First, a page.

“An application for a licence could have been made to the regulator and, if made, would have had to be determined on its merits. A decision to refuse the application would have been amenable to judicial review and would therefore have had to be based on proper grounds. In those circumstances the fact that, on the judge’s finding, there was no realistic possibility of a licence being granted does not equate to a ban.” (Para 33)

The companies’ insistence that the EC Directive implied a clear duty on the Government, via Ofcom, to exempt them from licensing which should have been transposed into UK legislation was also rejected by Richards LJ:

“That is because, in my judgment, the compatibility of the commercial use restriction with the directive does not depend on whether the Secretary of State has the power under domestic law, by way of a direction under section 5 [of the Communications Act 2003], to prevent Ofcom from making exempting regulations to remove the restriction. I come back to the point that the commercial use restriction, as a valid measure of domestic law which is justified by considerations of public security in so far as it relates to COMUGs, is compatible to that extent with Article 5 of the Authorisation Directive.” (Para 59)

So, in effect, security considerations remain the trump card. The issue of “harmful interference” is thrown into the mix. It is defined by Article 2(2)(b) of the Authorisation Directive: “harmful interference means interference which endangers the functioning of a radio-navigation service or of other safety services or which otherwise seriously degrades, obstructs or repeatedly interrupts a radio-communications service operating in accordance with the applicable Community or national regulations.” But in 2009 Article 5 of the Authorisation Directive was amended by Directive 2009/140/EC (“Better Regulation pdf) to add to the implied “harmful interference” exception: “fulfil other objectives of general interest as defined by Member States in conformity with Community law”.

The wording of the original article (which talked of harmful interference “in particular” but mentioned nothing else) allowed Rose J to, as it were, backdate the new wording to the original Article 5 – hence to 2002-3 when the firms were operating their GSM gateway service. She took the view (and Richards agrees) that the Directive offered the licensing regime not merely for cases where there was a risk of “harmful interference” but for other issues as well – which might mean security even if this was not implied until several year later. Thus, Richards LJ says: “it would be very surprising if public security could not be relied on under Article 5(1) as a ground for making the use of radio frequencies the subject of a licensing regime rather than a general authorisation”.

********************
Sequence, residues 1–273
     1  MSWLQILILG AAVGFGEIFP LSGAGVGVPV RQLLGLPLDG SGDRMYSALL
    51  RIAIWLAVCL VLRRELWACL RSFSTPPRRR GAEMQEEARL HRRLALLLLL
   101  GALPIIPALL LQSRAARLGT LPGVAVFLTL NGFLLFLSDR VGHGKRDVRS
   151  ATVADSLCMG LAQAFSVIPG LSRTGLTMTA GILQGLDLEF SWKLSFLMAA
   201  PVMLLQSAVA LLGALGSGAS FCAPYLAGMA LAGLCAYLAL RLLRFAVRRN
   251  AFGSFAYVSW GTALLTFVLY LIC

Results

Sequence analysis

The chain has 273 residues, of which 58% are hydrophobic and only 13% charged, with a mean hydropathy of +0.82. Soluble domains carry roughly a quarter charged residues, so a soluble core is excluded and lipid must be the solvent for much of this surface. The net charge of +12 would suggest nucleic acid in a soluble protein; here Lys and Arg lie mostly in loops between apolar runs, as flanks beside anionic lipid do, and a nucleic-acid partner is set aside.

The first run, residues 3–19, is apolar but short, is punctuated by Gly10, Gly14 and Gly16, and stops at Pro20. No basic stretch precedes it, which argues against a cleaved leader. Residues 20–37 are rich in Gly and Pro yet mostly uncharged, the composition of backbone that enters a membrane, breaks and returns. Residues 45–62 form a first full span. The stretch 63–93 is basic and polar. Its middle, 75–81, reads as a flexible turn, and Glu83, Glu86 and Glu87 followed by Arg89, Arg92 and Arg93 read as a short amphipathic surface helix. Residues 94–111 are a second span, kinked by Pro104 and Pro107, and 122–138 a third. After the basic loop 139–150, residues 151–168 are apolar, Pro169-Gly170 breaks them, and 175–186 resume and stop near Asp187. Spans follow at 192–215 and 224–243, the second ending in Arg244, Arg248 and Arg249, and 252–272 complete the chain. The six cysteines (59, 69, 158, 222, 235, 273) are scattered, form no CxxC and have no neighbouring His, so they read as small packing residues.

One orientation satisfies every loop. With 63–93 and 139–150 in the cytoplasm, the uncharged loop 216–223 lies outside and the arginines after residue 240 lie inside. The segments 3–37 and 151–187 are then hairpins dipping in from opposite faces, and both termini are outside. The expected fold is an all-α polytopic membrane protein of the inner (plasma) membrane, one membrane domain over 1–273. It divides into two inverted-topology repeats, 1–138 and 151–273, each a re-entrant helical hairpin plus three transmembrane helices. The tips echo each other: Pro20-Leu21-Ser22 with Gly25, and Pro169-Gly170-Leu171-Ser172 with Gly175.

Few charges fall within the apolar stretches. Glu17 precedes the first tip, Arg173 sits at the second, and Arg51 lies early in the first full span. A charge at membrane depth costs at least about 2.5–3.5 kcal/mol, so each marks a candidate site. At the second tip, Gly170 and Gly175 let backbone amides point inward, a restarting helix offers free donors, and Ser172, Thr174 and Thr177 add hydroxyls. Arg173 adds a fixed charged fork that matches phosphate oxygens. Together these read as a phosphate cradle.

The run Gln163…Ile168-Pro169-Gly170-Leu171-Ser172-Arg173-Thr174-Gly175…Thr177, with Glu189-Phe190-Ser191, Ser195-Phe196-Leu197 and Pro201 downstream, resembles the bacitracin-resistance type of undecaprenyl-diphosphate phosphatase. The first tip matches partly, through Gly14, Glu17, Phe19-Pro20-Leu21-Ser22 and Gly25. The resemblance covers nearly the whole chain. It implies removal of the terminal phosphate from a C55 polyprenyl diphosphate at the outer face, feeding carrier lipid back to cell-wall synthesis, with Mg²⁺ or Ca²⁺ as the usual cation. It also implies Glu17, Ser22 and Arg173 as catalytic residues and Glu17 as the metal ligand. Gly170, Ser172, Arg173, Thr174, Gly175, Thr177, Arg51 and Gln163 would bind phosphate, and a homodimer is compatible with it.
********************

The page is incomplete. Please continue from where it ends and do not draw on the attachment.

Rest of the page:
Comment
Richards LJ seems to have bent over backwards in his judgment not to rock the security boat. His argument is in effect that since security objections were not excluded from the EC Directive, they must have been there by implication. And because it was there by implication, it didn’t need to be mentioned in the legislation transposing the Directive into UK law. He over-eggs the pudding to show security issues at the heart of everything the EU does.

It is true that EU law allows for, even demands, a more purposive approach in its interpretation by the courts than perhaps UK legislation does. However, that is intended to reveal the purpose of the Directive itself, not write in other purposes that were not there. The purpose of the Directive was to free up telephony services, create competition, enhance electronic business in the European Union. The Directive notes that the Lisbon European Council of 23 and 24 March 2000 “emphasised the importance for Europe’s businesses and citizens of access to an inexpensive, world-class communications infrastructure and a wide range of services”.

Richards and Rose draw on other bits of EU lore to suggest there is always an overriding sense that EU law is subject to a security exception eg TFEU Art 36 – which actually turns out to be about imports, not internal businesses. Similarly Richards (and the Directive) cite Article 52 TFEU, but that is about “special treatment for foreign nationals on grounds of public policy, public security or public health”.

Article 5(1) in the original Authorisation Directive said this: “Member States shall, where possible, in particular where the risk of harmful interference is negligible, not make the use of radio frequencies subject to the grant of individual rights of use but shall include the conditions for usage of such radio frequencies in the general authorisation.” It is couched in terms of a requirement to liberalise, not restrict. Nothing in the words on negligible harmful interference can possibly imply a whole host of possible other reasons for not to follow the principle of this recital, viz “not make the use of radio frequencies subject to the grant of individual rights of use”. It follows that the later 2009 Better Regulation amendment was not a clarification of the words “in particular”, but an addition.